Youtube and copyright

February 8, 2009 | By | 4 Replies More

Word is getting around the Internet that Youtube is no longer the wild west.   Youtube is pulling down numerous video due to copyright violations.   What is a copyright violation?   Youtube has published this succinct set of guidelines, including various links for further understanding.   It’s a good starting place for anyone tempted to make use of the creative works of others without their explicit permission.

Here’s a hint: “Fair use” doesn’t mean that you can do whatever you want.


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Category: Law

About the Author ()

Erich Vieth is an attorney focusing on consumer law litigation and appellate practice. He is also a working musician and a writer, having founded Dangerous Intersection in 2006. Erich lives in the Shaw Neighborhood of St. Louis, Missouri, where he lives half-time with his two extraordinary daughters.

Comments (4)

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  1. Niklaus Pfirsig says:

    Youtube has been overly cautious largeluy due to an insidious form of corporate censorship. Corporate associations like the MPAA abuse the legal system through frivilous litigation as a business tactic to bully smaller companies into compliance with warped interpretations of the law.

    Basically, our right to free speech are being hijacked by media corporations who know that, by controlling information, they can control the world.

    Back in 1997, open source advocate Richard Stallman penned a cautionary tale about how bad it may get is titled "The Right to Read"

    Wile Stallman focuses on corporate attempts to privatize control and access to literature, the laws and treaties he refers to apply equally to all forms of so called "Intellectual Property". He also fails to mention the worst of these anti-consumer laws, the UCITA, which not only considers any violation a felony, but places full enforcemnt in the hands of the corporations, and anyone accused of a violation of the UCITA is held responsible for all court costs, even if they win the case.

  2. Erich Vieth says:


    My post was descriptive, not prescriptive. I agree that the corporate media has unfairly hijacked what should be freely shared public symbols. Should there BE such a thing as intellectual property? Absolutely. But the balance is way out of whack. Consider the Sonny Bono Act – need I say more?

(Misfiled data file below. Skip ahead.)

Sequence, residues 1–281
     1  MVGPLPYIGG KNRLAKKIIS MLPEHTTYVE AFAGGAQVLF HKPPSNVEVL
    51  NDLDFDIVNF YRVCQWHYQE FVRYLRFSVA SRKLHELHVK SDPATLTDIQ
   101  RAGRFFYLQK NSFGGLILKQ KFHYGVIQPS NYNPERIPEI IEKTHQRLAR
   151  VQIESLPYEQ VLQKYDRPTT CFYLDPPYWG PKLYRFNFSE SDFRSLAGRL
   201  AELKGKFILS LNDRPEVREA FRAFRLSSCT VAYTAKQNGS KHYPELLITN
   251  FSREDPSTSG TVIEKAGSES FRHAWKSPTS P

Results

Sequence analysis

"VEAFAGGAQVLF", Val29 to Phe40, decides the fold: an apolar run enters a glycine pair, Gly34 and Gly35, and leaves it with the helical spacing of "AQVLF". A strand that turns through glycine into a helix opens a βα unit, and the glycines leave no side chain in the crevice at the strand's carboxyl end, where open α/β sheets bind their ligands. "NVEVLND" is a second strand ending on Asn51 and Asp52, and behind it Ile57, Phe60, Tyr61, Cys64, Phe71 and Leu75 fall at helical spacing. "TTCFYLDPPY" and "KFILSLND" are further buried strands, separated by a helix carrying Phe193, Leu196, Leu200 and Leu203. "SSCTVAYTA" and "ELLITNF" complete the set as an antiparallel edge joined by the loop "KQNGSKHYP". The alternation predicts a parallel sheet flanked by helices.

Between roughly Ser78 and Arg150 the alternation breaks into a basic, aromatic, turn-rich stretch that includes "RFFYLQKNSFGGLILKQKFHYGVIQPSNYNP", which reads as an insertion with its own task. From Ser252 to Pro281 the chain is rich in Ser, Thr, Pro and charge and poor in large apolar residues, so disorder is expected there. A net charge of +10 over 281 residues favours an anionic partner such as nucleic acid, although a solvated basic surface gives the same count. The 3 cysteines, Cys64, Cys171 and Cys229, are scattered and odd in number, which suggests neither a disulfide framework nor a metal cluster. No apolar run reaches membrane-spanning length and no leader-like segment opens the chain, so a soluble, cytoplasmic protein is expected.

My post was an attempt to point out where the law is at the moment. I think that under the sorry state of the law, YouTube is being prudent to take the positions it is taking.

    I agree with you that it's not a good situation for the public at large.

  3. Niklaus Pfirsig says:

    Stallman's essays delve into the disparity between copyright legislation in the public interest and legislation favoring big business. I think you would find his book "Free Software, Free society" interesting considering your legal background.

    He argues against the idea of collectively referring to copyrights, patents, and seemingly similar concepts as "intellectual property" protections, why IP is a misleading concept that is detrimental to society as a whole. He also points out how some IP protection measure are in violation of the constitution.

  4. Erich Vieth says:

    Here's a perfect example of a copyright owner (the AP) abusing that copyright by suing someone creatively using that IP (an artist).

    In a pre-emptive strike, the street artist Shepard Fairey filed a lawsuit on Monday against The Associated Press, asking a federal judge to declare that he is protected from copyright infringement claims in his use of a news photograph as the basis for a now ubiquitous campaign poster image of President Obama.

    This article mentions that the artist (the creator of the famous Obama poster) is being represented by the Stanford Fair Use Project, which "was founded in 2006 to provide legal support to a range of projects designed to clarify, and extend, the boundaries of "fair use" in order to enhance creative freedom."

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